1. Bats carry the rabies virus a lot it seems. My husband got bit by one that was sleeping in the folds of our canvas tent trailer that he was taking down in our front yard about a dozen years ago. He ended up taking the series of shots. So yes, if you get bit by a bat, unless you have the bat you will need to take the shots. But, unlike the earlier shots which needed to be injected into the stomach and were quite painful, I understand, they mostly did the series in his hips. Still painful but not as bad.
    The kid who made the hockey shot in his brother’s place made a remarkable shot. They did the right thing by telling the sponsors what he had done. Forfeit the money? If they are following the rules they set up for the shot that should happen. Sound like it might pay off in the end for him if he becomes a champion hockey player earning millions.

    • Audrey Kletscher Helbling Says:

      I’m sorry your husband had to go through the series of rabies shots. I’m sure that’s quite an unpleasant experience. My eldest daughter was bitten by a dog in Minneapolis recently while walking through a neighborhood. The dog’s leash was too long, allowing it to reach the sidewalk. The dog owner said her dog was up to date on its rabies shots, but animal control quarantined it. I’m thankful for that because the dog owner was not at all apologetic. My daughter just got word that the dog is not rabid. Whew.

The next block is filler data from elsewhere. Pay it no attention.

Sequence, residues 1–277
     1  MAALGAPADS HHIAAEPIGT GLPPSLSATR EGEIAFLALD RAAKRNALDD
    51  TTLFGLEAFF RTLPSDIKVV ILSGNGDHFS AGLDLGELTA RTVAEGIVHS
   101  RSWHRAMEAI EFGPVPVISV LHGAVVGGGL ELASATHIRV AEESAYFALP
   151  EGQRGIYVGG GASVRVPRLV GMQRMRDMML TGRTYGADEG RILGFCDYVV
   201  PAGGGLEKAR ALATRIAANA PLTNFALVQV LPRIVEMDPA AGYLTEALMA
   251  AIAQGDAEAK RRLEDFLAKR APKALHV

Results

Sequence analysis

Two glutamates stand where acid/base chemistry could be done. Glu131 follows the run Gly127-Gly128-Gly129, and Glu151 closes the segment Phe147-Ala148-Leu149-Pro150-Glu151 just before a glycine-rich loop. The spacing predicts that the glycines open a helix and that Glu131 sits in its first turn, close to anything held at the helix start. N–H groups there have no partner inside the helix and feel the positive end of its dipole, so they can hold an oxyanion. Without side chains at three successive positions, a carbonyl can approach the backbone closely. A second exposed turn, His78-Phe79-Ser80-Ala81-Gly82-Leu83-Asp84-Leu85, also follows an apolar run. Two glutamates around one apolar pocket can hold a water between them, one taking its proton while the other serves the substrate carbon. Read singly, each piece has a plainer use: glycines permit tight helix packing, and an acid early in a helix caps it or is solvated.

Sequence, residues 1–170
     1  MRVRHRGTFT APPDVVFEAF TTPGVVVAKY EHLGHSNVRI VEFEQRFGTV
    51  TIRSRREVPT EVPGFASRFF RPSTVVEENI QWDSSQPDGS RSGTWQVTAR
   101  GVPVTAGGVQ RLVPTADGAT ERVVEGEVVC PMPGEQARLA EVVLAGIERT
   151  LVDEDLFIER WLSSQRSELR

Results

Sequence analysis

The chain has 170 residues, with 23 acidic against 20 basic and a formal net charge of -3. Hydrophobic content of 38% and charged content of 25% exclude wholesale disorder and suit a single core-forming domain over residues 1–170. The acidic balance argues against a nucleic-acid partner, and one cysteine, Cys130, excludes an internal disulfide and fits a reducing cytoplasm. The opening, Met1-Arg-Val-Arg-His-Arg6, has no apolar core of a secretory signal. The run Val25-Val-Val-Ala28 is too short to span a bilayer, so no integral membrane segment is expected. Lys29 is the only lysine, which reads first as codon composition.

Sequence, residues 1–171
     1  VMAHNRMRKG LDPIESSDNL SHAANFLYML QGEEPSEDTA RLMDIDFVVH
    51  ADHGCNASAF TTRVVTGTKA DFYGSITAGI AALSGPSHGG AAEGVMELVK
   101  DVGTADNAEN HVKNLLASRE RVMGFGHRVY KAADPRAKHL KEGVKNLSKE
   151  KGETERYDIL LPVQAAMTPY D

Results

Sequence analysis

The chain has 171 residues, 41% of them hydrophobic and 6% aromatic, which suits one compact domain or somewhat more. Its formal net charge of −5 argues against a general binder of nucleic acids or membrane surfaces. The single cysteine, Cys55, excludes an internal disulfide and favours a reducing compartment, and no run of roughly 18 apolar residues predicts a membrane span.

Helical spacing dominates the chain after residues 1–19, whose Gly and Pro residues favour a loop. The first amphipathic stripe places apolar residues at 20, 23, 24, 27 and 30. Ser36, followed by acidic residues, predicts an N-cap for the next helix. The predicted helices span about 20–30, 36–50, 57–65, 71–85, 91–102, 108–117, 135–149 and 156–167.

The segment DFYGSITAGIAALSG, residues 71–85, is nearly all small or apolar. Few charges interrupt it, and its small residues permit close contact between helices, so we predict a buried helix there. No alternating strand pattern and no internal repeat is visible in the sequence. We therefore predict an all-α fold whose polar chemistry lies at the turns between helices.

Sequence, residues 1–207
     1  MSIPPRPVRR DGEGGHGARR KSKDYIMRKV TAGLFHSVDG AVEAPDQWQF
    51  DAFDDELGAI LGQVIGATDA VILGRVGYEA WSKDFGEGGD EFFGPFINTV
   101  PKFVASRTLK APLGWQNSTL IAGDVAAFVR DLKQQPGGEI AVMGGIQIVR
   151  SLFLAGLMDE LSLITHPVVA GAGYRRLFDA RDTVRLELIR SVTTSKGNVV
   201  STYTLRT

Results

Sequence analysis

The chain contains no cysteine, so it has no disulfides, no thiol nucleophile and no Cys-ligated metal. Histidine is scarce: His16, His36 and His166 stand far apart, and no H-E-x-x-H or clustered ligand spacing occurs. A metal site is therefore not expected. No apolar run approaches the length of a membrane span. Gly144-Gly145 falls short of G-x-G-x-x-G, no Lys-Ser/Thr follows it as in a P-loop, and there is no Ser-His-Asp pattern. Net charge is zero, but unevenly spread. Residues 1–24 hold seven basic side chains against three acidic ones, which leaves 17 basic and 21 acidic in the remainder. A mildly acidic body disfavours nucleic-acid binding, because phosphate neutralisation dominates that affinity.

As for the hockey shot, I agree that it’s remarkable. I’m pretty sure the decision on whether to award the $50,000 will be based on whether rules were followed. I am bothered, however, by the fact that the family was apparently not upfront right away that Nate made the shot, not Nick. Yes, they were correct to come clean, but why not immediately?

  2. Amy Says: